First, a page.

In this session, three different paper authors shared an overview of their work. Debra Lieberman conducted research on video games designed specifically to help kids manage asthma (Bronkie) and diabetes (Packy and Marlon). The research used an experimental design with clinical trials and found that children’s visits to the emergency room to treat these problems decreased while their self-efficacy increased.

I couldn’t help but think of the book Persuasive Technology which is really at the core of all of these gaming sessions. I’m a bit surprised that no one has mentioned it or cited it…?

In any case, her site will soon send out a RFP (January 2009) that we should check out.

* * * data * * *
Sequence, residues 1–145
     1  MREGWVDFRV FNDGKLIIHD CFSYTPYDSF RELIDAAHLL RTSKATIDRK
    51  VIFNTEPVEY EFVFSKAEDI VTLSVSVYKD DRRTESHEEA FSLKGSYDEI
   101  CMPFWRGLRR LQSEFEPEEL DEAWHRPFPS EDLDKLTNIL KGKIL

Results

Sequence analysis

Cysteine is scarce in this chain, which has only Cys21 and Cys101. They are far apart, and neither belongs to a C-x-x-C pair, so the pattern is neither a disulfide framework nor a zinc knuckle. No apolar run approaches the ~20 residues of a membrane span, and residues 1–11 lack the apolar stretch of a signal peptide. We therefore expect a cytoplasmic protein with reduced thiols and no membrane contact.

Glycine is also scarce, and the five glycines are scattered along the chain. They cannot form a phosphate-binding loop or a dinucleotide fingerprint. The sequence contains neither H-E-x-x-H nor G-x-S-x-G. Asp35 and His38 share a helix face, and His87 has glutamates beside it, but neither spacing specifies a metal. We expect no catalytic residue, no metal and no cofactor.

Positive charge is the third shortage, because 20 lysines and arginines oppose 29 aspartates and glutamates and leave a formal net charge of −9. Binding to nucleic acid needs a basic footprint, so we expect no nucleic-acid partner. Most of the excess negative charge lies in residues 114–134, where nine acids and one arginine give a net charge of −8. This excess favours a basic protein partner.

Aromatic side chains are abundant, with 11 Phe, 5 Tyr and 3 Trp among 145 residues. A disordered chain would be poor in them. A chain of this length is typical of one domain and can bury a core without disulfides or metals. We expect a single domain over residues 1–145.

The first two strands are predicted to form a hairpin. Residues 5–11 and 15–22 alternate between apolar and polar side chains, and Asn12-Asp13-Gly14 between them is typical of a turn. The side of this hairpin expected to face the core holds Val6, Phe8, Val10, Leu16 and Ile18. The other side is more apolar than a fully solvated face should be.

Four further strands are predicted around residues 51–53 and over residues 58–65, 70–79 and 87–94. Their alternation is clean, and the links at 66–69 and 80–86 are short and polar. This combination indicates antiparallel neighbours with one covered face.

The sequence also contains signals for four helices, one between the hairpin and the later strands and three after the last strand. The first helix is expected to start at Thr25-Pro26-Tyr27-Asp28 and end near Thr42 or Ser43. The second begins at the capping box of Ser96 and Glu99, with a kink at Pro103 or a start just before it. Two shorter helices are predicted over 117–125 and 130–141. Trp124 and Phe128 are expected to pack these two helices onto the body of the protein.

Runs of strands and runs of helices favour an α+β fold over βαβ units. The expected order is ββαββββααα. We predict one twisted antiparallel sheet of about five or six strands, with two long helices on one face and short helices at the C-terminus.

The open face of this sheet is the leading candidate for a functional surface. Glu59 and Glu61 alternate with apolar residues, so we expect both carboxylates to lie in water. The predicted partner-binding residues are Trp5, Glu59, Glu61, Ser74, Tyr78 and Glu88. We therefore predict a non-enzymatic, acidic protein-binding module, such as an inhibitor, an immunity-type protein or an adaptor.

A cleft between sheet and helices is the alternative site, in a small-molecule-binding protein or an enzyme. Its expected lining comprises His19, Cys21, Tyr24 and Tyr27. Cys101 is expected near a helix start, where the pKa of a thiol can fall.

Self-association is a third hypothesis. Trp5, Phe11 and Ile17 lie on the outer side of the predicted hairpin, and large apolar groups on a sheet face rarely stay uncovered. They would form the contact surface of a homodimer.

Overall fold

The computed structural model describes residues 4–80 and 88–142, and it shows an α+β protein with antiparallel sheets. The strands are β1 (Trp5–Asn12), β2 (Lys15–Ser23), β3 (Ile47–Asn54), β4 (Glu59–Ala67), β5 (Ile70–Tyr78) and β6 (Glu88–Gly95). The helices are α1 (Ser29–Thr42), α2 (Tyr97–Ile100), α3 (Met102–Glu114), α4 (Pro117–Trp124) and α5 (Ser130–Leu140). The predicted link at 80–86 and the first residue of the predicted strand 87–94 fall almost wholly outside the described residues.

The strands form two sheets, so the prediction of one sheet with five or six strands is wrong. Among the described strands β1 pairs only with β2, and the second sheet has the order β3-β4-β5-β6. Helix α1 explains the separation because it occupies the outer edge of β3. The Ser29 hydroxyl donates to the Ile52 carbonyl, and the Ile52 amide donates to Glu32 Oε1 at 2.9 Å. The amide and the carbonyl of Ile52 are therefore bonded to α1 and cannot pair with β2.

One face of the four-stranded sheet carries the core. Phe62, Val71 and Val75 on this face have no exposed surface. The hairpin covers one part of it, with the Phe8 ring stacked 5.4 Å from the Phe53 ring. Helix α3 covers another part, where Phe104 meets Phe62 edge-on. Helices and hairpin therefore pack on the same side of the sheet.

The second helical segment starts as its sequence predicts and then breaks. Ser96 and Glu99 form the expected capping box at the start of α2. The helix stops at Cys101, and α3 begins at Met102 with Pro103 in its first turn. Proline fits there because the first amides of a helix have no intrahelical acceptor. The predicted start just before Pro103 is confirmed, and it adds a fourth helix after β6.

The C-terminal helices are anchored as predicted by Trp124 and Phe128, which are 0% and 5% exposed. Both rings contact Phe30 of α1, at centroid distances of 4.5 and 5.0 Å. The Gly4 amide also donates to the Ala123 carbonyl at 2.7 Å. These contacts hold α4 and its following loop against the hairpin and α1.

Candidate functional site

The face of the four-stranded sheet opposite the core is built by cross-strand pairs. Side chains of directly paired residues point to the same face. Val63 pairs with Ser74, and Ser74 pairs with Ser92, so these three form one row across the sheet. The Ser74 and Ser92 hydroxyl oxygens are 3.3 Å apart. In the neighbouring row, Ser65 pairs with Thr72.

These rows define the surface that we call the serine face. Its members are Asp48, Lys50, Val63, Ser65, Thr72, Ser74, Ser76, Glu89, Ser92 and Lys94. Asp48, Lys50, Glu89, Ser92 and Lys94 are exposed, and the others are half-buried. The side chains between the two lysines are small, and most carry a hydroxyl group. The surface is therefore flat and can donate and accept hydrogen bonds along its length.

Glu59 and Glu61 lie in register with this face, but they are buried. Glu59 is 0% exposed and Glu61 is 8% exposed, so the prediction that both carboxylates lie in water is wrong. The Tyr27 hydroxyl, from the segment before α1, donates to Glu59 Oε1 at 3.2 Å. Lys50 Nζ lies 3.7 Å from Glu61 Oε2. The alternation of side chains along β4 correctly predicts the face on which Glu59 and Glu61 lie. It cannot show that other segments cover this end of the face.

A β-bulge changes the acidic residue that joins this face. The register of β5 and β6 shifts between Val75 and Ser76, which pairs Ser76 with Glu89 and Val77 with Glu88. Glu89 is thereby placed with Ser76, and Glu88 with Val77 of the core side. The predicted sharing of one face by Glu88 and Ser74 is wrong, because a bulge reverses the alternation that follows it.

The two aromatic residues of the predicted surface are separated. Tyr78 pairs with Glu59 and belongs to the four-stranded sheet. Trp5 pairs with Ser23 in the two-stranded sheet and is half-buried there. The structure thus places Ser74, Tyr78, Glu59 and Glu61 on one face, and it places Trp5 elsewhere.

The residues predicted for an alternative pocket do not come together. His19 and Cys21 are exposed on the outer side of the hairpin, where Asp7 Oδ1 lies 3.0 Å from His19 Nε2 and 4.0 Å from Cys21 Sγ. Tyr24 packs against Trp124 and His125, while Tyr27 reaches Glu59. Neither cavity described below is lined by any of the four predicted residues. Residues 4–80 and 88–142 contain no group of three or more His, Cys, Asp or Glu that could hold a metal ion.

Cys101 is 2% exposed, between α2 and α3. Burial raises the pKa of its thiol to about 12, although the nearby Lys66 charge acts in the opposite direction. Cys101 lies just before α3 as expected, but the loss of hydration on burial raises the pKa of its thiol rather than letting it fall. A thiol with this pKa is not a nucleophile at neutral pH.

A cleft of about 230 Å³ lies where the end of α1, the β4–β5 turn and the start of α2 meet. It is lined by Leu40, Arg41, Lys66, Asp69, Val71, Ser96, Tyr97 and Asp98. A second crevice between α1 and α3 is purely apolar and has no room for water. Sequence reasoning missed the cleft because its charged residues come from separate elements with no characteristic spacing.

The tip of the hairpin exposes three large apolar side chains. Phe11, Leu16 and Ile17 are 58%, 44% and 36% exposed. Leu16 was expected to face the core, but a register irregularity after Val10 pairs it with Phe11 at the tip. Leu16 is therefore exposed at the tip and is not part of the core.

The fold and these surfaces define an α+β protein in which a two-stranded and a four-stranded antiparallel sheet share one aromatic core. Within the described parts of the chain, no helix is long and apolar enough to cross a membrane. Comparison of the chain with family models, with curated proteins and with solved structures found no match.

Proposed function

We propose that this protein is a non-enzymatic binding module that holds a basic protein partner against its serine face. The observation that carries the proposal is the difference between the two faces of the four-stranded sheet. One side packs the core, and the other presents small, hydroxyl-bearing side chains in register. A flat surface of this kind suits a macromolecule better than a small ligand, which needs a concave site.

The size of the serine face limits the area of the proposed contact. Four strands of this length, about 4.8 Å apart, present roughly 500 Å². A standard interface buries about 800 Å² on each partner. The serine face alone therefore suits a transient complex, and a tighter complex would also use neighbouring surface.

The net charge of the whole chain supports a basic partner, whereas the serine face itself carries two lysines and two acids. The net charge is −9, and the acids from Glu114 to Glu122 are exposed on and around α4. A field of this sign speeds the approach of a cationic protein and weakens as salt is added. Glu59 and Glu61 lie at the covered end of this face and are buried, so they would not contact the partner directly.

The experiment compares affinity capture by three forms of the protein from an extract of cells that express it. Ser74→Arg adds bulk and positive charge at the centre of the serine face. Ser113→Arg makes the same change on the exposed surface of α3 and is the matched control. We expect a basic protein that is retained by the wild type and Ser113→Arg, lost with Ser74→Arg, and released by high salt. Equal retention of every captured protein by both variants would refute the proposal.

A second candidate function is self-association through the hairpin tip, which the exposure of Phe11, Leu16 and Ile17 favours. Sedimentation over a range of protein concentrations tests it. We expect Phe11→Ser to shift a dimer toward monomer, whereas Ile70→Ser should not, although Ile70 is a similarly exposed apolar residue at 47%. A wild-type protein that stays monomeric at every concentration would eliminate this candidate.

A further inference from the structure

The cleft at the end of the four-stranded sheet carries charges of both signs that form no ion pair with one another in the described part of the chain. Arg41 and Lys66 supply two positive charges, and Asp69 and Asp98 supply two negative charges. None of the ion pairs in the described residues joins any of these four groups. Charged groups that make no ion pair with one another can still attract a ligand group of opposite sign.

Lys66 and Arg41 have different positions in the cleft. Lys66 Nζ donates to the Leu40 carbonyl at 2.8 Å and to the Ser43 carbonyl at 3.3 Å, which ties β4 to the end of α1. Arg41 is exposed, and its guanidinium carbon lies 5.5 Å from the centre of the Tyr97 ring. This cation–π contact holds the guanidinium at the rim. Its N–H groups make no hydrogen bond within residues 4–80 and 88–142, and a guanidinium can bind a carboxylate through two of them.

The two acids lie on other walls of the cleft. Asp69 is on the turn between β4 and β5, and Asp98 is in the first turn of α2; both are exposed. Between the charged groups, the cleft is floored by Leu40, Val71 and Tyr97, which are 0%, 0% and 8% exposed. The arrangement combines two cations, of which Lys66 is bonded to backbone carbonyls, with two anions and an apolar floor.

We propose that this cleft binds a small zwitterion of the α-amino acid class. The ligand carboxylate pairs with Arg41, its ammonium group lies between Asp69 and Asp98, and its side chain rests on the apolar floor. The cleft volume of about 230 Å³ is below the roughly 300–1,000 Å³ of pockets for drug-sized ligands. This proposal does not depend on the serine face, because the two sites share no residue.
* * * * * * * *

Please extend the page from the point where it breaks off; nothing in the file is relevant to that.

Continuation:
The next paper was given by John Richardson, a college senior and video game designer/researcher who has a form of cerebral palsy. He made a strong case for the need to ensure all of our games are accessible for people with disabilities: it serves as a means for empowerment — for gaining control over one’s body. This is complex and challenging because a disability for one person may change over time (congenital disabilities) and the discussion about disabilities tends to focus on inputs rather than a standard platform.

Is there an organization dedicated to accessibility in games? We need to do more testing; seek out feedback from our current designs…

The last presenter was Moses Silbiger whose paper and research focused on using games to help people move through the human development/self-actualization process. (I didn’t really understand this one…?)